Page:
Bill Vigars was taking Terry Fox out for a car ride between cancer treatments at Royal Columbian Hospital in New Westminster when Fox turned to Vigars and asked: “Would you like to see where I will be buried?”
It was October of 1980, and Fox had had to end his Marathon of Hope run across Canada the previous month, when the cancer that had cost him a leg began to spread through his body.
Vigars at the time was 33 and working for the Canadian Cancer Society as director of public relations, and had become close to the 22-year-old during Fox’s fundraising run to support cancer research.
He was struck by Fox’s calm demeanour as he faced death.
He recalls the conversation in his newly released book Terry and Me: The Inside Story of Terry Fox’s Marathon of Hope, published by Sutherland House.
Vigars, who will be on hand at Mile 0 on Sunday for this year’s Terry Fox Run, has visited Fox’s grave a number of times since the runner’s death. He said the concrete slab that marks Fox’s final resting place — in Port Coquitlam, not far from where he lived — is always covered with toys.
“I am sure that the image would have brought a smile to his face, because he really loved kids,” said Vigars.
Vigars, now 77, joined the Marathon of Hope from Drummondville, Que. to Thunder Bay, Ont. It was “24/7 for three months,” he said, but it gave him a “first-hand seat at history.” “I saw his wonderful sense of humour, but I also saw him carry the burden of people’s hope on his shoulders.”
He remembers one time when a man came up to Fox to commend him for running on behalf of his son, who also had cancer.
“Where is he?” Fox asked, looking around. “He passed away last week” was the reply.
When Fox was undergoing chemotherapy, he was struck by the young children who were undergoing the same treatments.
“He saw children battling cancer — and not winning,” said Vigars. Helping children became the inspiration for his Marathon of Hope fundraiser for cancer research.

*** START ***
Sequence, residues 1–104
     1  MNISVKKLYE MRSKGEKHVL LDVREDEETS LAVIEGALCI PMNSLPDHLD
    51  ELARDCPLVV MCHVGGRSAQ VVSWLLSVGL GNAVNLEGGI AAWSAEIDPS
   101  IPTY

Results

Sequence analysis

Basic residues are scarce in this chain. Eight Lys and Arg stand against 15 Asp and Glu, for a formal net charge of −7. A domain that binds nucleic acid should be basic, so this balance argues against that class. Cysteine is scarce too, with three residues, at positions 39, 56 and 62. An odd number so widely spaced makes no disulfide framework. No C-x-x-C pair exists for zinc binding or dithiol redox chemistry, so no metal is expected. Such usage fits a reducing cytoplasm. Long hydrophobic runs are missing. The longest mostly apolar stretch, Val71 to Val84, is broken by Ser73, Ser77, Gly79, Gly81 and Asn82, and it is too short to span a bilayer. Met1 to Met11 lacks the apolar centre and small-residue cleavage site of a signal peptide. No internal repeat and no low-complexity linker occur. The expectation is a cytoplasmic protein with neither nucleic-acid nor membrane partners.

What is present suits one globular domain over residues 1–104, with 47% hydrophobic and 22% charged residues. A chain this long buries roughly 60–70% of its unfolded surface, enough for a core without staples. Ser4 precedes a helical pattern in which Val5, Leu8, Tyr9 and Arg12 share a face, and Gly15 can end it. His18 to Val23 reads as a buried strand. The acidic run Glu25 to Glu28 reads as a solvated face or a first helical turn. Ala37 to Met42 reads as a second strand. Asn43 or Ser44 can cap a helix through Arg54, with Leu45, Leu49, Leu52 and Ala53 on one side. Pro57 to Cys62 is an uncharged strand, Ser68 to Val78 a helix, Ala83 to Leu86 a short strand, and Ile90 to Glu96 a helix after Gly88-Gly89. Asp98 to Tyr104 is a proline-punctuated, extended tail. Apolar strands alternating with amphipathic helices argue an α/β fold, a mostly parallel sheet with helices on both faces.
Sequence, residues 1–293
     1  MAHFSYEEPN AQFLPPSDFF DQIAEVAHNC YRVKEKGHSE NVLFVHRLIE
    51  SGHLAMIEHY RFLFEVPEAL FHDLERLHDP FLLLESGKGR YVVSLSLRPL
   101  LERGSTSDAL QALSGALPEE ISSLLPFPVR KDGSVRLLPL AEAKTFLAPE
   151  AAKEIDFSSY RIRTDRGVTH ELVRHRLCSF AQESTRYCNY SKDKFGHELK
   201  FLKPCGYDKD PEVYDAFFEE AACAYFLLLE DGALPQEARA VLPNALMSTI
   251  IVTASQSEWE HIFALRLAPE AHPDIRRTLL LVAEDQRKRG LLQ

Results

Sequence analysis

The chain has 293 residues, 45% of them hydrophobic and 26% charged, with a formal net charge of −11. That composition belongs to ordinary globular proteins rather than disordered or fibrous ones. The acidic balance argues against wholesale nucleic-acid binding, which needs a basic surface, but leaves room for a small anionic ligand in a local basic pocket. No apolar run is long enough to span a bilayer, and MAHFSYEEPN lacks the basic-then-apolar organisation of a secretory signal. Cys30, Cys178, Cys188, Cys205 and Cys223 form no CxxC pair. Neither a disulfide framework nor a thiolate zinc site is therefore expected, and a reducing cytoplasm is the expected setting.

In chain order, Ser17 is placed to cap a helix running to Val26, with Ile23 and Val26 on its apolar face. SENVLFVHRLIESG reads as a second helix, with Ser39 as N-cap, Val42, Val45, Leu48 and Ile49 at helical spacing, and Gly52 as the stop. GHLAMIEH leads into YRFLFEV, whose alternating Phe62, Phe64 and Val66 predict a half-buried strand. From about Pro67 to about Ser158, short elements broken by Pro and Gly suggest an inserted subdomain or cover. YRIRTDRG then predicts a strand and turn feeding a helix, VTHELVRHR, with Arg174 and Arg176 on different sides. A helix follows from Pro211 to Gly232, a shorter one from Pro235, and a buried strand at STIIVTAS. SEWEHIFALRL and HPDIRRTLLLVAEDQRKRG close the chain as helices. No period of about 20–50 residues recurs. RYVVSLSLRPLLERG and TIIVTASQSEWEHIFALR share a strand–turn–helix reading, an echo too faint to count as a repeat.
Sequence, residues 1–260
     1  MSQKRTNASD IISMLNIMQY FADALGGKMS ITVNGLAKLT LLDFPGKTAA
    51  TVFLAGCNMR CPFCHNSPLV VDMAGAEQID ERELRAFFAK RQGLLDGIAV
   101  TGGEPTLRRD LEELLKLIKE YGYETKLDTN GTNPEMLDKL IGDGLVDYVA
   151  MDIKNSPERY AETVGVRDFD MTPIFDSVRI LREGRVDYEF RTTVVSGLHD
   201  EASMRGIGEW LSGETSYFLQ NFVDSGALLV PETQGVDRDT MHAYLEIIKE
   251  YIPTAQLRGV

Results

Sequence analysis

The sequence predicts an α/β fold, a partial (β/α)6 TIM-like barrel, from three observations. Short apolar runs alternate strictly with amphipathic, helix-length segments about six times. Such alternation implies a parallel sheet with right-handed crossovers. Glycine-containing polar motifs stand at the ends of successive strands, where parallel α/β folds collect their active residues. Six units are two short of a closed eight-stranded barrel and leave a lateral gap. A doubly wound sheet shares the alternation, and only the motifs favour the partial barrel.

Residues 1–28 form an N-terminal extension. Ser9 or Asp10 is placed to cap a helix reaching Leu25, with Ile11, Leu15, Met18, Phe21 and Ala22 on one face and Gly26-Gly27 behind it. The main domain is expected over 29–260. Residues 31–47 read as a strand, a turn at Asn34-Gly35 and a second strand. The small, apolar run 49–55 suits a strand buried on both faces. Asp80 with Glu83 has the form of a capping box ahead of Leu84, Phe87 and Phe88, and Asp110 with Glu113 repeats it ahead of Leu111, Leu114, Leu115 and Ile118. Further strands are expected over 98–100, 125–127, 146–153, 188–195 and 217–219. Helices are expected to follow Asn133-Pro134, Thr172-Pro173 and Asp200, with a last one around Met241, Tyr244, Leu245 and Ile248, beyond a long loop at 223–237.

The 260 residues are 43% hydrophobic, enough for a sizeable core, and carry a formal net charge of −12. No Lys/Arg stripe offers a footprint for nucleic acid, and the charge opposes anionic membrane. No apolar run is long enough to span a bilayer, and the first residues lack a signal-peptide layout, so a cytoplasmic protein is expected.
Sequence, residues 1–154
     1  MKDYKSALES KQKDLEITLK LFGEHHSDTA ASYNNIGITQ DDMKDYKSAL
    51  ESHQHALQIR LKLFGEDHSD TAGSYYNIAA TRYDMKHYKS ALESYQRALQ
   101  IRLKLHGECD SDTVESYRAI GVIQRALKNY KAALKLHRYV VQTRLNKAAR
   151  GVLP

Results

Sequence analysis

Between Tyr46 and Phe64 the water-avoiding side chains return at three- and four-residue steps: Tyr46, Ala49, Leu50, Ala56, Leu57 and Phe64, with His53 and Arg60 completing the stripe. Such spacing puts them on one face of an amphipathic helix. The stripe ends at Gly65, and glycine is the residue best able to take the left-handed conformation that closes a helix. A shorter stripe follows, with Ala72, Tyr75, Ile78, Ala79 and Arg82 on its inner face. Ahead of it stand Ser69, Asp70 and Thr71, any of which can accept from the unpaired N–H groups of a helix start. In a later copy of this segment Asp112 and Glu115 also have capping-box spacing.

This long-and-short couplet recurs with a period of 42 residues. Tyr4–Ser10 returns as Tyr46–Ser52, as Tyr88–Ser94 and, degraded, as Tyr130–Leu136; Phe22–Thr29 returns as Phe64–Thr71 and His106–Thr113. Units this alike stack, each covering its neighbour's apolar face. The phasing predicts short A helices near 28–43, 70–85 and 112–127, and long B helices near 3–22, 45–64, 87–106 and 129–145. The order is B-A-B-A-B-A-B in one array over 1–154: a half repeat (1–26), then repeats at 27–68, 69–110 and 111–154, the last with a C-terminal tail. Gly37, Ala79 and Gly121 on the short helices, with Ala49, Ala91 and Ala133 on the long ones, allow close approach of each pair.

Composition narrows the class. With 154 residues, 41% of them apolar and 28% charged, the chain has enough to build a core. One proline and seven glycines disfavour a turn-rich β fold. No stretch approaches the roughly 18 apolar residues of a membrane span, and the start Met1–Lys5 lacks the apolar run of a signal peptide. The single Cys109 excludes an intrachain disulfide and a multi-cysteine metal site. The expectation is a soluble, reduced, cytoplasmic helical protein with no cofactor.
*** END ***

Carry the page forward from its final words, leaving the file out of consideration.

When Fox was asked if it hurt running the equivalent of a marathon a day with only one leg, he replied: “It hurts a lot. But if the pain is too much, I can quit running. But [the children] cannot.”
In most of the pictures of Fox, he is seen running alone. But in the early part of the Marathon of Hope, children would sometimes run with him. Unfortunately, that practice stopped after Fox tripped when a child ran too close to him.
Fox’s Marathon of Hope ended just outside Thunder Bay on Sept. 1, 1980, after 143 days and 5,373 kilometres.
“I didn’t finish the run, but I gave it my best — and all you can do is give it your best,” said Fox.
He had only raised $1.7 million by the time he stopped — short of his $24-million goal, or a dollar from every Canadian at the time.
Fundraising continued while Fox continued to receive treatment for the cancer ravaging his body until the goal was reached.
“I was happy that Terry was alive to realize that his goal had been achieved,” said Vigars.
Fox passed away on June 28, 1981.
The Terry Fox Run, organized by the Terry Fox Foundation, takes place in 650 communities across Canada on Sunday, Sept. 17.
There are no entry fees, but donations are accepted.
In Victoria the five-kilometre route starts at Mile 0 — in Beacon Hill Park at the junction of Dallas Road and Douglas Street — close to the Terry Fox monument — with registration at 9 a.m. and the run taking place at 10 a.m.
The route is open to walkers, runners, cyclists and people on roller blades, in wheelchairs or walking their dogs on a leash.
For more information, go to run.terryfox.ca/28822.
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